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Vol 3, No 2
15 January 2001
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Czech Feminism Understanding
the Other

A response to
Tiffany Petros' article
Elena Gapova

When Eastern Europe "encountered" the West in the early 1990s, women's issues became—and still remain—the charged area of the cultural clash. While former Socialist countries considered the question mostly "solved," Western societies believed that East European women had to be immediately rescued from their subordinate status.

To question the position of the "women's question" on the transformation agenda or just to ask why some women's issues are prioritized over others (eg sexual harassment over paid maternity leave) by international agencies equals attacking Western democracy itself. So when Tiffany Petros does not get the reaction she wants from the Czechs (among who there is a marriage agency, a champion of women's rights in other societies, no doubt), she promptly classifies them "all" as anti-liberal, nationalist and anti-human-rights.

To make her point, she sometimes has to substitute what they actually said by what they should have said for her to get what she wants, but nevertheless. The highlight of the guilty verdict is the Czech inability to share "the radical notion that women are people." And this is where the real problem of the paper is made the most visible.

Western liberalism and Eastern Europe

The core of Tiffany Petros's argument is the liberal view, which sees women as "people." According to liberalism, all people are made equal. This notion was probably very radical at its inception, when Mary Wollstonecraft published her A Vindication of the Rights of Women at the time of the French Revolution. Since then most societies have introduced laws that endow everyone with equal political, educational and economic rights.

Still, it was found out that women generally get 70 percent of the men's wages, are underrepresented in decision-making bodies throughout the world, do a greater share of the household work and more often become victims of male violence than vice versa.

The era of discontent with liberal feminism and "laws" (and the development of post-liberal radical, psychoanalytic, postmodern etc. feminist approaches) started with the recognition of the specificity of women's experience, which is beyond general "human" experience. Later, the very notion of "women's experience" was subject to reconsideration: clearly, a white urban professional and a Third World peasant have very different lives.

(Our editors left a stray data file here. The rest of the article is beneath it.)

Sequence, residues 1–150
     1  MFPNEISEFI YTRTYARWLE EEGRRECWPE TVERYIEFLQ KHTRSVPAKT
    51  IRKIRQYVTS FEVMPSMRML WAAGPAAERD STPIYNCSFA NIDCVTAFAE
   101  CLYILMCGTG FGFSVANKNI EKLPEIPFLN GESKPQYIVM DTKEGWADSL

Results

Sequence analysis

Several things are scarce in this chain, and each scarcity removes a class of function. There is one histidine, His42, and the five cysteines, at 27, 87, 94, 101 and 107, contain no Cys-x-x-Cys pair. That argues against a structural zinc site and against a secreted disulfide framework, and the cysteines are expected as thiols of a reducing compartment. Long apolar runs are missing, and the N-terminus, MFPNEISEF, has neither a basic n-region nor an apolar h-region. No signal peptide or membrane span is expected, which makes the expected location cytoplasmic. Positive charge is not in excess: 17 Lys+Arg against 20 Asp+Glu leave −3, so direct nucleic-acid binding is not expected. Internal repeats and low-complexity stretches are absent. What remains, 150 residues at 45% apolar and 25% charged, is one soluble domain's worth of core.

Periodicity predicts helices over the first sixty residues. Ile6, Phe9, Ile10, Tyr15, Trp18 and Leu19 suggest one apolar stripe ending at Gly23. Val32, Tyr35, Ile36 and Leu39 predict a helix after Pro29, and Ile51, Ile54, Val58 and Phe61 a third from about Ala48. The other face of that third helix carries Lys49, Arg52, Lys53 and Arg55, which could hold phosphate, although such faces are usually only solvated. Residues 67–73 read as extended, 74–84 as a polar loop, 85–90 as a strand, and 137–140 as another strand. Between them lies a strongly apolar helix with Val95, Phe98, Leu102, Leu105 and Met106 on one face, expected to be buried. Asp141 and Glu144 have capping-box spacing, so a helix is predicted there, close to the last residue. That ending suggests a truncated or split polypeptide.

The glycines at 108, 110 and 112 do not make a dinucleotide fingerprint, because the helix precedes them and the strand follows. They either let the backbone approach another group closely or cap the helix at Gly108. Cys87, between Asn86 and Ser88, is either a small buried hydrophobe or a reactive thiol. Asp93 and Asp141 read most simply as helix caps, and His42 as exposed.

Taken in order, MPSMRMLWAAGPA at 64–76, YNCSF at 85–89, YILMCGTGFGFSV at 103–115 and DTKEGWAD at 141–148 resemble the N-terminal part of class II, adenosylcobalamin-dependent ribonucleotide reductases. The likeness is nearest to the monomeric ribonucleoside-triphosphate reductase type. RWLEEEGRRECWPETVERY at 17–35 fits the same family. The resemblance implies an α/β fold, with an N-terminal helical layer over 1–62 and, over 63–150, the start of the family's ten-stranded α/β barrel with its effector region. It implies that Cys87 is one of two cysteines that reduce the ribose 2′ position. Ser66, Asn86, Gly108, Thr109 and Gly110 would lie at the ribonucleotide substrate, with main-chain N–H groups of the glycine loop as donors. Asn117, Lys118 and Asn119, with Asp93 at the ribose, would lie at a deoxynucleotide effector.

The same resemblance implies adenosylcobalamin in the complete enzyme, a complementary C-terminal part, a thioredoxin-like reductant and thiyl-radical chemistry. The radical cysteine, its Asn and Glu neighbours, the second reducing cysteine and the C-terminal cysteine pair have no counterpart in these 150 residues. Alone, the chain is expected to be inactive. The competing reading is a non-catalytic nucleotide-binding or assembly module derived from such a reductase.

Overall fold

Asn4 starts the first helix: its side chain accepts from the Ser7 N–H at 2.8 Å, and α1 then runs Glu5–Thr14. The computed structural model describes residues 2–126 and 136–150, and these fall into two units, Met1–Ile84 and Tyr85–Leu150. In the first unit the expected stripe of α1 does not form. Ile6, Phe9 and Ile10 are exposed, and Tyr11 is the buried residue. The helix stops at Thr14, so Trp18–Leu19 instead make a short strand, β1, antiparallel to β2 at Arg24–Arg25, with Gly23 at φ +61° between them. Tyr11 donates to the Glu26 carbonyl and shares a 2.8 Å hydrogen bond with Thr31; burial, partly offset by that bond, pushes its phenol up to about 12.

What are to be the laws that would make them equal, and not only to "their" men, but to each other? Outside of the issues of race/class and, now, globalization, any talk of gender equality would be hypocritical, as many black and postcolonial feminists have pointed out.

Now the same power discourse involves Eastern Europe into its orbit. When Tiffany Petros quotes The Economist ("Trafficking in Women: In the Shadows," 26 August 2000, pp 18-19) stating that "in central Prague, [where] sexual intercourse can be bought for USD 25—about half the price charged at a German brothel" and that "Slav women have supplanted Filipinos and Thais as the most common foreign offering in [Europe]," what is the indignation against? In the text, it is against the Czech government and not the fact that female sexuality is a commodity throughout the world, and that brothels exist both in the enlightened West and in the "backward" East.

And it is not against the fact that the progressive West is the main consumer of Eastern women's sexuality, but against the price, twice as low in Prague. ( I don't have the article, but I'm not sure this is the point the author was trying to make.) Why, then, is there no similar indignation against lower, as compared to the West, wages of Czech teachers, farmers or taxi drivers? Can there be a "fair price" for sex work? And should we recognize at last that international prostitution is a product of global inequality?

Equality issues and feminism

The real issue at stake here is the discursive production of "East European women" and Eastern Europe in general: how these are presented and invited to think of themselves. The production is realized through choosing the issues with which society supposedly should fight.

Let me explain. Two weeks ago I went for a haircut. The pregnant hairdresser looked really big, expecting the delivery in about a month, when she would be granted six weeks of an unpaid leave. She was working during her last month of pregnancy trying to save as much for the six weeks as she could till after the baby is born, to be able to breastfeed, she explained with a smile. It was OK, because she did not feel huge and her legs did not swell. And after the leave she would place the baby in daycare. It is good and costs a fortune.